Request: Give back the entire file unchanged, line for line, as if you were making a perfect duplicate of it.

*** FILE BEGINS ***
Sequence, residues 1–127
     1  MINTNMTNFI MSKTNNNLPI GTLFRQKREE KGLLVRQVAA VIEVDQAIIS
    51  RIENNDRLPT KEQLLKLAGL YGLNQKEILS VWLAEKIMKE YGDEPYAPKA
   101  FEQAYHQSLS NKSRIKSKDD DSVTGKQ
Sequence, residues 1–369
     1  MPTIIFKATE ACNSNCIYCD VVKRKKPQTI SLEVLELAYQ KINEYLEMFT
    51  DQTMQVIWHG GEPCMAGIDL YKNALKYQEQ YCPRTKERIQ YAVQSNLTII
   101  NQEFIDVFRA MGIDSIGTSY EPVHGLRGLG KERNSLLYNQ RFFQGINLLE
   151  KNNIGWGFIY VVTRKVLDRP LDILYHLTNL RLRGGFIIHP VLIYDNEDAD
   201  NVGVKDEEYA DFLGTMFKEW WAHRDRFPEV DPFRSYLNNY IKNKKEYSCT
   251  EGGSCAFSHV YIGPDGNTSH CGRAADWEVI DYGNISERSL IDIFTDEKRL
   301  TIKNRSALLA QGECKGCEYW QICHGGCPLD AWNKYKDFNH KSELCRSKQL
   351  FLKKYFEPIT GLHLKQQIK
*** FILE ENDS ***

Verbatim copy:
Sequence, residues 1–127
     1  MINTNMTNFI MSKTNNNLPI GTLFRQKREE KGLLVRQVAA VIEVDQAIIS
    51  RIENNDRLPT KEQLLKLAGL YGLNQKEILS VWLAEKIMKE YGDEPYAPKA
   101  FEQAYHQSLS NKSRIKSKDD DSVTGKQ
Sequence, residues 1–369
     1  MPTIIFKATE ACNSNCIYCD VVKRKKPQTI SLEVLELAYQ KINEYLEMFT
    51  DQTMQVIWHG GEPCMAGIDL YKNALKYQEQ YCPRTKERIQ YAVQSNLTII
   101  NQEFIDVFRA MGIDSIGTSY EPVHGLRGLG KERNSLLYNQ RFFQGINLLE
   151  KNNIGWGFIY VVTRKVLDRP LDILYHLTNL RLRGGFIIHP VLIYDNEDAD
   201  NVGVKDEEYA DFLGTMFKEW WAHRDRFPEV DPFRSYLNNY IKNKKEYSCT
   251  EGGSCAFSHV YIGPDGNTSH CGRAADWEVI DYGNISERSL IDIFTDEKRL
   301  TIKNRSALLA QGECKGCEYW QICHGGCPLD AWNKYKDFNH KSELCRSKQL
   351  FLKKYFEPIT GLHLKQQIK